Daily Devotions for Die-Hard Fans: Ohio State Buckeyes

Ohio State Buckeyes
Ohio State Buckeyes
Item# OHS
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Daily Devotions for Die-Hard Fans: Ohio State Buckeyes combines the great passion of the Buckeye fan with the great passion of the fan of Christ into one set of devotions, one book that is fun while providing a time of reflection about God and your faith.

• Ohio State once won a football game with some of its players standing on the sideline in their street clothes.

• Samantha Prahalis didn’t break the record everyone came to see; she broke another one.

• A heart attack once prevented a postgame brawl.

• Each season the OSU men’s soccer team remembers a freshman who played in only a handful of matches.

• In a poll to name the new OSU head football coach, an inmate serving a life sentence got more votes than Woody Hayes did.

These stories and more are recounted here. Also appearing are Archie Griffin, Jesse Owens, Troy Smith, Jerry Lucas, Jim Tressel, and many others. Their stories – along with legendary games, improbable victories, and historical events – are told with a twist: They are all tied to God’s story.

Have fun! Have faith! Go Buckeyes! Go God!


Accessories

Read a Buckeyes Excerpt
THE “I” IN PRIDE

Read 1 John 2:15-17.

“Everything in the world -- the desire of the flesh, the desire of the eyes, the pride in riches -- comes not from the Father but from the world” (v. 16 NRSV).

All Jim Tressel promised was that OSU fans would be proud of their football team. What they heard, however, was a guarantee of a win over Michigan.

On the evening of Jan. 19, 2001, the day that he was hired as Ohio State’s head football coach, Tressel attended the Buckeye basketball game. At halftime, he took a microphone to introduce himself to the crowd. That’s when he proclaimed, “I can assure you that you’ll be proud of our young people in the classroom, in the community, and, most especially, in 310 days in Ann Arbor, Michigan.”

Wide receiver Drew Carter and quarterback Steve Bellisari were among those in the crowd that night who heard a promise. “We looked at each other and were like, ‘Wow, this guy really means business,’” Carter said. Then he realized, “I guess now we have to back that statement up.”

In understanding Tressel to guarantee a win over Michigan, perhaps Buckeye fans were grabbing at anything they could to feel optimistic. After all, Ohio State had beaten the despised Wolverines only twice in the last thirteen meetings.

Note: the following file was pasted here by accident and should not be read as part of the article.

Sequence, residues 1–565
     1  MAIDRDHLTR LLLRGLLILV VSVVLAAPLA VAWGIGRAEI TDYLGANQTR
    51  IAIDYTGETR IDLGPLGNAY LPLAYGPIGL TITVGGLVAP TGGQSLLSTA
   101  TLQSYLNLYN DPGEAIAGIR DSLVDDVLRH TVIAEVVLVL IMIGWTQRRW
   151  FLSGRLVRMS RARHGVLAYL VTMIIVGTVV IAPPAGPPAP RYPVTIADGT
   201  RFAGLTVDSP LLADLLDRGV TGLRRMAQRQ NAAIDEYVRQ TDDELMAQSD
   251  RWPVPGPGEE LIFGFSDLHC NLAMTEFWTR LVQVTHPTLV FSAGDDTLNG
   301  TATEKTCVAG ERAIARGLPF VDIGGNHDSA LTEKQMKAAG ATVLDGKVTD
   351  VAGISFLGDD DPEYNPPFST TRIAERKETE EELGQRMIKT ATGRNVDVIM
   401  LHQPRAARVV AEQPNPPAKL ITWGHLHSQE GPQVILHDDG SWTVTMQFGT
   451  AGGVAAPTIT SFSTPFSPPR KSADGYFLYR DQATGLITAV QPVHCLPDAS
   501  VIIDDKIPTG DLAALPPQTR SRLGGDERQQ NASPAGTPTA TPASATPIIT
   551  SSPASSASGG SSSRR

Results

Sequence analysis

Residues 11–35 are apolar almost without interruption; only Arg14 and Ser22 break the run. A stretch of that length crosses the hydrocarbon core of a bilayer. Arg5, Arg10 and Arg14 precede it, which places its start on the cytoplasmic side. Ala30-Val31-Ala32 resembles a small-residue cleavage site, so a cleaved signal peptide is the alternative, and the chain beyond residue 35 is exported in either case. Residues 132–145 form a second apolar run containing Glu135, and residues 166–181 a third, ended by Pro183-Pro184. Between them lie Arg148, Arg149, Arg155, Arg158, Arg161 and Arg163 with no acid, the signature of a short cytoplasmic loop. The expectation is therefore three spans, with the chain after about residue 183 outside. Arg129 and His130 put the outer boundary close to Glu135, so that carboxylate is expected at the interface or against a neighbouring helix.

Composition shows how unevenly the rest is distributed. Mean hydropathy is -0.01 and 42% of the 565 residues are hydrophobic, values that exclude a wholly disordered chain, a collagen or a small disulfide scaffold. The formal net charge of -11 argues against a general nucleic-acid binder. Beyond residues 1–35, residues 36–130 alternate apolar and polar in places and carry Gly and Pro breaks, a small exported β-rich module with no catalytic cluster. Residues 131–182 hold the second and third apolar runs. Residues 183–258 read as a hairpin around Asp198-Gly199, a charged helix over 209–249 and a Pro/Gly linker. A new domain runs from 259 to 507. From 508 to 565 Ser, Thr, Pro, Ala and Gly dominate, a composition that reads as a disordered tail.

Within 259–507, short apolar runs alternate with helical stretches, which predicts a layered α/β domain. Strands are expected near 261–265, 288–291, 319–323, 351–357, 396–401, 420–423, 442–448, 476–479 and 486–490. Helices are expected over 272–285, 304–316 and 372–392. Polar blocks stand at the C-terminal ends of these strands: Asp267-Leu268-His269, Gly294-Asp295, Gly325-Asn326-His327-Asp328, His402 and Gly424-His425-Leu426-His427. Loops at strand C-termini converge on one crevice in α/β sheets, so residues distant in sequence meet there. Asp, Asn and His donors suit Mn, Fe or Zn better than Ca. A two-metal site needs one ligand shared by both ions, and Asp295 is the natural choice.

From the day Tressel was hired, he focused on the Michigan game. He could recite without hesitation how many days remained until kickoff. Every Saturday during spring practice, he had his team watch a quarter of the loss in 2000.

The Buckeyes made good on their coach’s promise whether it involved pride or a victory, knocking Michigan out of the Big Ten title and a Rose Bowl berth with a 26-20 win. “I am so proud of these kids,” Tressell said after the game. So were the fans.

What are you most proud of? The size of your bank account? The trophies from your tennis league? The title under your name at the office? Your family?

Pride is one of life’s great paradoxes. You certainly want a surgeon who takes pride in her work or a Buckeye coach who is proud of his team’s accomplishments. But pride in the things and the people of this world is inevitably disappointing because it leads to dependence upon things that will pass away and idolization of people who will fail you. Self-pride is even more dangerous because it inevitably leads to self-glorification.

Pride in the world’s baubles and its people lures you to the earthly and the temporary, and away from God and the eternal. Pride in yourself yields the same results in that you exalt yourself and not God.

God alone is glorious enough to be worshipped. Jesus Christ alone is Lord.

I didn’t promise this win. I promised you would be proud of us. -- Jim Tressel after the 2001 Michigan game

Pride can be dangerous because it tempts you to lower your sight from God and the eternal to the world and the temporary.

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